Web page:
And so on a scaldingly hot day with the exam season over, the chosen few are being groomed for leadership by the Surrey Wing of the Air Training Corps. You might expect these crumpled, fringe-challenged children to baulk at the creaseless environment, the ornamental truncheon and parade timetable. But no, they are dead impressed.
Although they start the session showing all the vitality of day-old Weetabix and refuse to laugh at Squadron Leader Tony Osborne's jokes, they visibly straighten-up during the day, sticking their chins out as they grow in confidence.
Osborne is trying to steer them towards the right values for a modern prefect. "No it's not about power," he snaps when a pupil volunteers tha theory for the second time. Slowly, some key qualities emerge on paper, including: "matureity... to be synpathetic and relieble " (sic), if not necessarily good at spelling.
Some of these children are born into it. Matt Poulton, 15 and from an army family, wants to be a military policeman and this is useful experience. Plucking at his red prefect's tie, he explains: "It will give me advance knowledge of command."
Others admit to being poacher turned gamekeeper. Michael Richens, who wants to be an actor, says: "At first I was a bit embarrassed, but I realised I should be proud to be a prefect. I feel in charge and above peopleImy attitude's changed definitely. I wasn't exactly one of the tidiest people before and I wasn't very punctual, but now I am because I've got to set an example."
En masse, they are anxious to know how they can stop Year 10 climbing the tree near the Science Block and smuggling food out of the canteen. How to get their peers to tuck their shirts in, rather than just roll them up. Some of the girls complain it's difficult to get people of the same age to listen to them.
Sally Grant, also chair of the school council, wasn't pleased to find she'd been elected: "It isn't really a very rough school, but it can be really intimidating being a prefectIgangs of people intimidating you because they think you're spoilt and a straight A-student. What they don't realise is that you're a person underneath."
This plaintive concern is put a different way by Clive Watkins, headteacher of King James's, a former grammar in Huddersfield, which abandoned its prefect system 10 years ago: "Pupils who are prefects are put in a very strange position as regards their peer group," he says. "I don't think that's fair on them and puts them under unreasonable pressure. They have to exercise authority over people who are alongside them in other contexts, and that can get in the way of their general well-being and development."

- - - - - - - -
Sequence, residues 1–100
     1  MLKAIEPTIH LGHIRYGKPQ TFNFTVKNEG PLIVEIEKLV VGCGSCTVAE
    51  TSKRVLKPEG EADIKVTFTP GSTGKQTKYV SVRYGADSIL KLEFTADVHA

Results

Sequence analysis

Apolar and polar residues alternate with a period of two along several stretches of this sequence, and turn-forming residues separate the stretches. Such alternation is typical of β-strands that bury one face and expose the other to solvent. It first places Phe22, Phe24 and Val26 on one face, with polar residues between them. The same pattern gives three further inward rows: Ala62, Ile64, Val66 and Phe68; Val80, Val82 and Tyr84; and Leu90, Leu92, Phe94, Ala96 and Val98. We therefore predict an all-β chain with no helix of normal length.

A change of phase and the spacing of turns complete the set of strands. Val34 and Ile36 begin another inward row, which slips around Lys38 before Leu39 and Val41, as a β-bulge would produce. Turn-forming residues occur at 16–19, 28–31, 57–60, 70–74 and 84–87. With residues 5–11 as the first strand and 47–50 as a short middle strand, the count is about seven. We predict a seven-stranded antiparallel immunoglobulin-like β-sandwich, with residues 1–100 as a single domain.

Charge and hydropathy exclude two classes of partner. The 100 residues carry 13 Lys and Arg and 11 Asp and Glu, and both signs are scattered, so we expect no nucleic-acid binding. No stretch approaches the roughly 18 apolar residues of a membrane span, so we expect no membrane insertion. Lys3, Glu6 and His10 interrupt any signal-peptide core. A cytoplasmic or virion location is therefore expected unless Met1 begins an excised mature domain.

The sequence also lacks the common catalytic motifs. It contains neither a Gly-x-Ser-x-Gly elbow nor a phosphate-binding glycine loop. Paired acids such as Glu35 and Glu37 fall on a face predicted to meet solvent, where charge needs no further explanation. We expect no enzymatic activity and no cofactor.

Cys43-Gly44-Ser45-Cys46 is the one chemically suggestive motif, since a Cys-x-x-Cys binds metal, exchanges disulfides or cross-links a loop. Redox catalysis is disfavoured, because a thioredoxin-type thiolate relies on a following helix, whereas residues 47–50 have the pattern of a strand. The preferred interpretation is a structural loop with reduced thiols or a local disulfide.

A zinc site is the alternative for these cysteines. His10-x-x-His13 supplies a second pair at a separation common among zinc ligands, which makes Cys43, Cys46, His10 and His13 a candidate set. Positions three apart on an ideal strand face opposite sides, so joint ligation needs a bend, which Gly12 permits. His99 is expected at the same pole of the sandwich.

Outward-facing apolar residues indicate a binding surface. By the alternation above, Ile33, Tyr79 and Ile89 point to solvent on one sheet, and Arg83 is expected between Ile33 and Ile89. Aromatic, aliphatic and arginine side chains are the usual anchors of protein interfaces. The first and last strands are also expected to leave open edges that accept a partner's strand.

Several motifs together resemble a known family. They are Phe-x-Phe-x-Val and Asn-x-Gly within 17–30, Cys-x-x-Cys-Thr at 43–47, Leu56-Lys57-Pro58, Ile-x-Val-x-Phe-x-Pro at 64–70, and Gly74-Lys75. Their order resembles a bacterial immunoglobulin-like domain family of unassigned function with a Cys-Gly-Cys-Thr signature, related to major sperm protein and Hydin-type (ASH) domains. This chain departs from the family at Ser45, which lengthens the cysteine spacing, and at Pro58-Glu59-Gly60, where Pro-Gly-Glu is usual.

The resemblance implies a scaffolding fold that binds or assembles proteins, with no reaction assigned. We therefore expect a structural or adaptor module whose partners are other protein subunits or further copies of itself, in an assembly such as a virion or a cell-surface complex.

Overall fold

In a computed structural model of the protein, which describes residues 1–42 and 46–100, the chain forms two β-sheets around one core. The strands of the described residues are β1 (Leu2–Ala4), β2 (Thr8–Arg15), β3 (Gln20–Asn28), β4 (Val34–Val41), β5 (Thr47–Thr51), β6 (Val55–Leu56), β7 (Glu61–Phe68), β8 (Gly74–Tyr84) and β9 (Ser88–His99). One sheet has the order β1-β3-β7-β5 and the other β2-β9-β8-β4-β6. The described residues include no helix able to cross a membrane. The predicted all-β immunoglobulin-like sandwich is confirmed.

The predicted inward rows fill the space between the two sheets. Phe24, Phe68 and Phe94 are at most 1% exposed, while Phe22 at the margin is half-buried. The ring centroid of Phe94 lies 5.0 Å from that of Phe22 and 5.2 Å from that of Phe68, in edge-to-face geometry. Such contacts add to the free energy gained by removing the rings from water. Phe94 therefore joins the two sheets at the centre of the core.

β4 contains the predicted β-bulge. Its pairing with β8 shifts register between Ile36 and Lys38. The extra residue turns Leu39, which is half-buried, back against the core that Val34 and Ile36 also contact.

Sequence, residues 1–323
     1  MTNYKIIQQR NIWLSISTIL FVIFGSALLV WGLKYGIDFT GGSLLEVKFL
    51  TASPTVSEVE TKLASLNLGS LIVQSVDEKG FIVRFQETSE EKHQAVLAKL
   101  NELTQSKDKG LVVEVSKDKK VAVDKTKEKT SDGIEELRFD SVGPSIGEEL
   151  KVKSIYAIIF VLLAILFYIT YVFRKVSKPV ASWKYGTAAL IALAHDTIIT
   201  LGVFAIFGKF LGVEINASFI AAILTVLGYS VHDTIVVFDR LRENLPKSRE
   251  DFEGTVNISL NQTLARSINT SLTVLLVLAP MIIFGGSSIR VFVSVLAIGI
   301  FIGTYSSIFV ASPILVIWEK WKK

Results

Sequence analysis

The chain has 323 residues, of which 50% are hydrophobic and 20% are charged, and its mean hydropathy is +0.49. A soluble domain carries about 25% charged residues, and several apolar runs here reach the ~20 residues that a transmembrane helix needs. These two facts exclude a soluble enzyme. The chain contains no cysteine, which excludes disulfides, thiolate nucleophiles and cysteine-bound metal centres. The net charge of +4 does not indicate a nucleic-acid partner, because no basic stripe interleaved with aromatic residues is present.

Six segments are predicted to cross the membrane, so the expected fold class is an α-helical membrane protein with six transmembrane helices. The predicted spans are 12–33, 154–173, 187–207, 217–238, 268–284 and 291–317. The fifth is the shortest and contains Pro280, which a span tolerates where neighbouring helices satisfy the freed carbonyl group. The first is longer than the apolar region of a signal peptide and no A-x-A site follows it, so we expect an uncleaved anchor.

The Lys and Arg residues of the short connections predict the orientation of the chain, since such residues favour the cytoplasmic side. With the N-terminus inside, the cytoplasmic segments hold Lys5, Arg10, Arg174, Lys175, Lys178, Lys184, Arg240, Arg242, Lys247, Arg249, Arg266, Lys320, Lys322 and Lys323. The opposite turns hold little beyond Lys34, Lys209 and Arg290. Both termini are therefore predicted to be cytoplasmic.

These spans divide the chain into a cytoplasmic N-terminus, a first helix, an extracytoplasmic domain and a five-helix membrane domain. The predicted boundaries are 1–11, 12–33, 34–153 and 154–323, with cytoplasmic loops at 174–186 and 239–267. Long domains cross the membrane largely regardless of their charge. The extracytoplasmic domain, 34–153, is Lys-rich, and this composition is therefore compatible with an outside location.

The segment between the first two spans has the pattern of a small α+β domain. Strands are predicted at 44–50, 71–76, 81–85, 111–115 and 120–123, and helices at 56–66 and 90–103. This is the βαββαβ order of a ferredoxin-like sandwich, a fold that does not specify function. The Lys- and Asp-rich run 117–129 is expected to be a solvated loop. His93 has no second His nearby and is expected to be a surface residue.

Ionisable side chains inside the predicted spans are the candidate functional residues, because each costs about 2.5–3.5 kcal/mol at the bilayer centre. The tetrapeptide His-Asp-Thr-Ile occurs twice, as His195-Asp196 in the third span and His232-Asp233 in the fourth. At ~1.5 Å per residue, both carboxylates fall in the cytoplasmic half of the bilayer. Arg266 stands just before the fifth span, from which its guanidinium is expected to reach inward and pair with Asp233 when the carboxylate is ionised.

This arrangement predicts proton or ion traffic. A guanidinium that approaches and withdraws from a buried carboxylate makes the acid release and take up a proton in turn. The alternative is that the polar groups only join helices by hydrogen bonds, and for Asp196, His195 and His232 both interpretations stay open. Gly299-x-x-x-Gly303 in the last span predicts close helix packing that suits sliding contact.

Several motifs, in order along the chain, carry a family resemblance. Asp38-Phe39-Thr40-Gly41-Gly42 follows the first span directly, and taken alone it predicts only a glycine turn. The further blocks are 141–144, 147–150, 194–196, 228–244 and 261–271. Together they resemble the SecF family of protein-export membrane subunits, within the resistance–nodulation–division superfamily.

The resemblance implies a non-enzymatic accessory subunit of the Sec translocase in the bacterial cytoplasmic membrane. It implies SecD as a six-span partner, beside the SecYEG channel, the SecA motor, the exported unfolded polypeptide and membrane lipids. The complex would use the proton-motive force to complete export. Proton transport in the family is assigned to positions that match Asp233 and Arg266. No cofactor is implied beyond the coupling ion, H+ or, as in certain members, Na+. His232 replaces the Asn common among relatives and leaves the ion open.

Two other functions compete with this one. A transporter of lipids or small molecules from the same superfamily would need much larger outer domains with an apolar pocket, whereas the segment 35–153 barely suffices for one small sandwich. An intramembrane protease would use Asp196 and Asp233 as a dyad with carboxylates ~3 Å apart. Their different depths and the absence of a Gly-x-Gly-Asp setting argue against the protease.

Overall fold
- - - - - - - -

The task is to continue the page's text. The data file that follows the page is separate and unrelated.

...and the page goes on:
Sittingbourne Community College in Kent has recognised this problem. It started a prefect system last year and has tried to defuse the them-and-us gap between prefects and the rest by giving non-prefects extra responsibility in the anti-bullying council, drama productions and generally showing people round. Sittingbourne is the product of two high schools which were merged last year. In 1994 its A to C grades at GCSE were a dismal 11 per cent and its constituency, according to the head is "rural and not salubrious".
The relentlessly cheerful headteacher, Alan Barham, explains: "One of our maxims is, 'you own your own behaviour' and students' participation in developing the new ethos of the school was crucial. We felt appointing prefects would raise their self-esteem and motivation."
He says another motive was to involve pupils more directly in the management of the school and help them feel a sense of belonging and responsibility. Here the staff treat the prefects like personal assistants. Duties include supervising the gate, the canteen and new pupils, as well as helping younger children with sport and performing arts.
The school appoints about a third of Year 11 pupils as prefects, giving them a badge, tie and distinctive burgundy pin-stripe shirt. Students write letters of application if they are interested and are given a fairly formal interview. Any rejects are carefully counselled. Some staff were initially sceptical but have been won over by the transformation of former rogues into pillars of responsibility. As Alan Barham explains: "It becomes a question of gaining recognition among peers by supporting the college rather than rubbishing it - which could so easily happen."
Just half a term after prefects were introduced, the atmosphere had visibly improved, according to Patsy Wisdom, English teacher and head of Year 11. "It gave the older students a lot of confidenceIprefects became quickly used to having their ideas listened to, so they would in fact volunteer things which they weren't necessarily asked to do. Last year's group was instrumental in setting up the college student council and persuading the local council to start a minibus service for young people in the evenings. They also compiled a page aimed at young people for The Kentish Gazette."